The Truth About Parabens
The Truth About Parabens
For the next 4 weeks, we are launching a series of blogs on ingredients. We’ve talked a lot about fulvic acid, but there are many ingredients in our products and all skincare products. We want you to be able to have all the information to make the best choice for your skincare needs.
We live in a world in which brand and ingredient transparency is becoming the trend. We’re constantly reminded of which ingredients are good for us and which are bad for us. One of the biggest names on the no-no list is parabens. For the last 10 years, skincare and beauty brands are quick to slap a “no parabens” label on packaging, but do you know what parabens actually are and how they are bad for you?
In the skincare and beauty community, we have all accepted that parabens are bad without knowing much about them. Don’t worry, we did a little leg work to find out what parabens actually are and why boycotting them is the best for us.
What are parabens?
Simply put, parabens are synthetic preservatives. In fact, since it’s commercialization in the 50s, its been one of the most widely used preservatives in personal care products. It’s purpose is to stop fungus, bacteria and other microbes from growing in your skincare and beauty products. They can be found under these names: methylparaben, ethylparaben, propylparaben, butylparaben and isobutylparaben. If you read the ingredient label of your personal care products (lotion, shampoo, mascara, etc.), we bet you will find them listed on most of the labels. The reason why they are widely used is because they are a cheap and effective way to preserve your products. Parabens largely replaced formaldehyde many decades ago as a preservative.
Parabens and health issues
In 2004, Philippa Darbre, a senior lecturer in oncology and researcher in biomolecular sciences at the University of Reading, in England conducted a study that detected parabens in 19 of 20 samples of tissue from breast tumor biopsies. Her small study does not prove parabens cause cancer, only that they were easily detected among cancerous cells. But it is important to note because the parabens detected in the cancer cells were intact parabens which means that it was unaltered by the body. However, at this time, there’s still not enough evidence to conclude that parabens and breast cancer are linked.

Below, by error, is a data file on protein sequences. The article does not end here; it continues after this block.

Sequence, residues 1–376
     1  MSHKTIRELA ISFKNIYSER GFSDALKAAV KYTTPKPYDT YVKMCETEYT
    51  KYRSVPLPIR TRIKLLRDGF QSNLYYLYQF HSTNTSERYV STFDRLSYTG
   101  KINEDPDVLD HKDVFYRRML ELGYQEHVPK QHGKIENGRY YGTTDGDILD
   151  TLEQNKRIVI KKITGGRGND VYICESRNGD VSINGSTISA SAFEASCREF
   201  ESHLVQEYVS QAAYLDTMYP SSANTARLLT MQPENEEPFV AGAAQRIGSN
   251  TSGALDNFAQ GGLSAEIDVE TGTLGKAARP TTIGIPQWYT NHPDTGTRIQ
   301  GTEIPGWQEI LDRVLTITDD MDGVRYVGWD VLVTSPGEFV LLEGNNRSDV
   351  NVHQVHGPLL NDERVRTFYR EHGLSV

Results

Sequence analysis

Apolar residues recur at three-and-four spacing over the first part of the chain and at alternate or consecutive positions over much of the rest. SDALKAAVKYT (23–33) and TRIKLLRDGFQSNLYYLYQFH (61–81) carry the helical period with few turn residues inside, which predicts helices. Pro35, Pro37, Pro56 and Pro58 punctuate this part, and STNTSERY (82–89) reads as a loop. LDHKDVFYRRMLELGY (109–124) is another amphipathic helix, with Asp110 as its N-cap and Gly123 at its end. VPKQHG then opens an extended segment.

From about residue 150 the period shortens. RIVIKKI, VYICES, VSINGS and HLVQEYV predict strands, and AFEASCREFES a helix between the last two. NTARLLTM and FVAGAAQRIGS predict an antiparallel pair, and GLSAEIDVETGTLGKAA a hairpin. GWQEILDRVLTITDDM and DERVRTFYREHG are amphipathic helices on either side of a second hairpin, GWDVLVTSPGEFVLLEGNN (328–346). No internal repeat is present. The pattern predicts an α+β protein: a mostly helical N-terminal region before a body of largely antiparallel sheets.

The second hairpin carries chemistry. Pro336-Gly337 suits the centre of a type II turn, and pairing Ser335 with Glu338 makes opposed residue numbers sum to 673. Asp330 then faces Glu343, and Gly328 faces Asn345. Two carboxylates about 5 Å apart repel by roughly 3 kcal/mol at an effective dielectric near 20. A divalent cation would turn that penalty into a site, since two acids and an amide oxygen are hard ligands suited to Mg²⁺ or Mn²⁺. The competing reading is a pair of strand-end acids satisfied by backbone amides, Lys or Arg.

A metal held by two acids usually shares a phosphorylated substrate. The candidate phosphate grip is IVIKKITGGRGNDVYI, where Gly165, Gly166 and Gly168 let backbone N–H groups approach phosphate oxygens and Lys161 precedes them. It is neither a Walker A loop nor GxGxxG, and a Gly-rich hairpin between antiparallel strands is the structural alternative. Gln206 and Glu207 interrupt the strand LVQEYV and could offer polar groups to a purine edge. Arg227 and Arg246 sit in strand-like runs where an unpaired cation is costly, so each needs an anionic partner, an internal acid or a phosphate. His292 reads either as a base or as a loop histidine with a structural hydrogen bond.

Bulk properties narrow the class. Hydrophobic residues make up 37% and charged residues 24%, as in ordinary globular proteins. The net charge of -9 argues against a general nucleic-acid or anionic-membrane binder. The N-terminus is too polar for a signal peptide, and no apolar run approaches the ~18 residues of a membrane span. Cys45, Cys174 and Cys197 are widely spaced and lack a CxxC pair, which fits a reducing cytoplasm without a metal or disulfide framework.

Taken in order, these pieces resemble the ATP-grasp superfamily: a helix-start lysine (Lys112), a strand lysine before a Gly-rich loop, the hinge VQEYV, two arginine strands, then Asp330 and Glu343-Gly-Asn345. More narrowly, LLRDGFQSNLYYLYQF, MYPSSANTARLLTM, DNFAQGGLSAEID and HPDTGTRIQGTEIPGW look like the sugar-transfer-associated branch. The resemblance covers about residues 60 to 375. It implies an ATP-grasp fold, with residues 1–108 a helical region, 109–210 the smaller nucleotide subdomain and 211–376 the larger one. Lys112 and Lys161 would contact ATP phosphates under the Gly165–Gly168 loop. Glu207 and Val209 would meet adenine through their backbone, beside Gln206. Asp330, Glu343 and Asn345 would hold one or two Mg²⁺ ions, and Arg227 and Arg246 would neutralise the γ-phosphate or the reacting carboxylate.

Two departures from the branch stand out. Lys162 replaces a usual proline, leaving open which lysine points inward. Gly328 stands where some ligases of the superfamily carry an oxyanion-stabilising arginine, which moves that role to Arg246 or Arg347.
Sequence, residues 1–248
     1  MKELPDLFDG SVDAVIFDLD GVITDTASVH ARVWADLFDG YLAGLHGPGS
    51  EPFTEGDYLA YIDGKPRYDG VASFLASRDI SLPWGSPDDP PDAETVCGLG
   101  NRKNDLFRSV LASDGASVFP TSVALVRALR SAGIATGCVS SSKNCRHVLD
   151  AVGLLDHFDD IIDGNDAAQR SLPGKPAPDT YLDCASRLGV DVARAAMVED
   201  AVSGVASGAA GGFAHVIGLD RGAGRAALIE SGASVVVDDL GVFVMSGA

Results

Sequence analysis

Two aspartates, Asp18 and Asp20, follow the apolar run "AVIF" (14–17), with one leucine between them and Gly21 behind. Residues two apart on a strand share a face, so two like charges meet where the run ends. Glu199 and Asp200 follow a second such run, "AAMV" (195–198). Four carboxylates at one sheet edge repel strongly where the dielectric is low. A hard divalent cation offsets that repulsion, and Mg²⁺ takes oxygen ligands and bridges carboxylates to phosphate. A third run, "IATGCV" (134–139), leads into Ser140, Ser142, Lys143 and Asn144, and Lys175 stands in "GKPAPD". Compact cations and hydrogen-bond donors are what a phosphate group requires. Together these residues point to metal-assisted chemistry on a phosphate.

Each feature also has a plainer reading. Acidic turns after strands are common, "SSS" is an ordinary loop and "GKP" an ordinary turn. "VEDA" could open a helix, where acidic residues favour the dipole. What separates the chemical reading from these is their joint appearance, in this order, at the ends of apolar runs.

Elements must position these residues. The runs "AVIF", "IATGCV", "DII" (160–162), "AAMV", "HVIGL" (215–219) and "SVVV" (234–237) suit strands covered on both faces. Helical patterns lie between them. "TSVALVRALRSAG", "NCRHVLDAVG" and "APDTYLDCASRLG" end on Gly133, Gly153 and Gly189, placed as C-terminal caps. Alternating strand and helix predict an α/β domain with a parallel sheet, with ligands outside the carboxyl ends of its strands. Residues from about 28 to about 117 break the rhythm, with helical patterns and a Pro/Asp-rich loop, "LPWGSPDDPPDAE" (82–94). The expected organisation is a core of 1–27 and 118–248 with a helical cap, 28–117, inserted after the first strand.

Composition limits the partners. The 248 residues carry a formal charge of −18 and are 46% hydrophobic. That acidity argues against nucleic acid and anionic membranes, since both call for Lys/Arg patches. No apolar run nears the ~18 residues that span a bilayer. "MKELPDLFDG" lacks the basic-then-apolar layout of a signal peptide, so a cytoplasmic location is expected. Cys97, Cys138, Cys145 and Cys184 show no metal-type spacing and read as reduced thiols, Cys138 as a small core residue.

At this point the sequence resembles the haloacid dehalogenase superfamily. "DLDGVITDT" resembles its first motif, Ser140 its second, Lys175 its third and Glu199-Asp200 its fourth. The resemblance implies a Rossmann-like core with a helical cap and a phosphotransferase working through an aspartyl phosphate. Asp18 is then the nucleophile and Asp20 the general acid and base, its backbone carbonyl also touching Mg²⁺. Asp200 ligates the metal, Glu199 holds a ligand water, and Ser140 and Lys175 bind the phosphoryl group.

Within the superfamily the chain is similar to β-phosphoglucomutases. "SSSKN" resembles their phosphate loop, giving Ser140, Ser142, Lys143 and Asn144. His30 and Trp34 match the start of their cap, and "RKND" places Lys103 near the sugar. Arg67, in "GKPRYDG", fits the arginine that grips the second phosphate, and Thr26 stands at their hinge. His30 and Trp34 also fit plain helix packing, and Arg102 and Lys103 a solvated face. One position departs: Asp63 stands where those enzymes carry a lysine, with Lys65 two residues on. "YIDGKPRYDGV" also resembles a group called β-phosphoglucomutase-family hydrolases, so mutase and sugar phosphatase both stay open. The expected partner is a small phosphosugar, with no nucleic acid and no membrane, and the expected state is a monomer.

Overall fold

Even though the research is inconclusive and individual products may have approved and safe amounts of parabens (by the FDA), it’s still good to be mindful. Some health advocates are still concerned that a cumulative exposure to parabens over time could contribute to a wide range of other health issues, even if its not cancer. It is said that parabens are known to disrupt hormone function which can lead to breast cancer and / or reproductive issues.
As a consumer, how should you handle the paraben drama even though the research is inconclusive? The best way is to know your labels. Read the ingredient list prior to making a purchase and shop paraben-free products to error on the side of caution. Your skin absorbs a lot of what it comes into contact with and it will be taken into your system so it's best to know what you're putting into your body.
Many personal care / beauty companies (like Molecule 32) have found alternatives to parabens to prevent bacteria growth in your products. Some companies have created products with shorter shelf life or products that need refrigeration. Ultimately, the decision is yours to make as a consumer. To shop for Molecule 32’s paraben-free products, click here. Stay tuned for next week when we discuss phthalate.